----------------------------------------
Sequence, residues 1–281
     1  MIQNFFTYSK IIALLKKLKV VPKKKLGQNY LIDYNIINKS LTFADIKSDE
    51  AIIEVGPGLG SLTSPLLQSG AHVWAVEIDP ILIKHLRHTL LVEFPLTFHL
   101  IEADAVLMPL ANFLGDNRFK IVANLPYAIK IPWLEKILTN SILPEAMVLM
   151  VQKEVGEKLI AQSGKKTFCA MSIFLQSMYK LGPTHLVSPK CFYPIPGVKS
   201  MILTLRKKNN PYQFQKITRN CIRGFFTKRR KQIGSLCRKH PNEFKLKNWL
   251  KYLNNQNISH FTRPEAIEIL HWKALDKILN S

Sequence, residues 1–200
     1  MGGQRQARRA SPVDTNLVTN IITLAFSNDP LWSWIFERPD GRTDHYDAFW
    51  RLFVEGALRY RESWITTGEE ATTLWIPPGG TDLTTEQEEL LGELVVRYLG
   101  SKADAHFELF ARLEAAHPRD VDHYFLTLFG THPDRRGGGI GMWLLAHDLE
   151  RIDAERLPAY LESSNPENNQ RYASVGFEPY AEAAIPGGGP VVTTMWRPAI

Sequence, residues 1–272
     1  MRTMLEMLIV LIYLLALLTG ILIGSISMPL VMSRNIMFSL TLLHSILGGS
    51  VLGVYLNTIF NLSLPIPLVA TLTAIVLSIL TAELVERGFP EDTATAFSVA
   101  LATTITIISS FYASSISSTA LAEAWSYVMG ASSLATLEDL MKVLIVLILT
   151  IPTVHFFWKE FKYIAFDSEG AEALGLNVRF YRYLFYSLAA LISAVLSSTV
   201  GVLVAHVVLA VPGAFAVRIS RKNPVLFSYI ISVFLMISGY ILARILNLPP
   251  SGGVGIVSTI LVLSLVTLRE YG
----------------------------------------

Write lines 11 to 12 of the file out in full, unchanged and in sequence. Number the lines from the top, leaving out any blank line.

   101  SKADAHFELF ARLEAAHPRD VDHYFLTLFG THPDRRGGGI GMWLLAHDLE
   151  RIDAERLPAY LESSNPENNQ RYASVGFEPY AEAAIPGGGP VVTTMWRPAI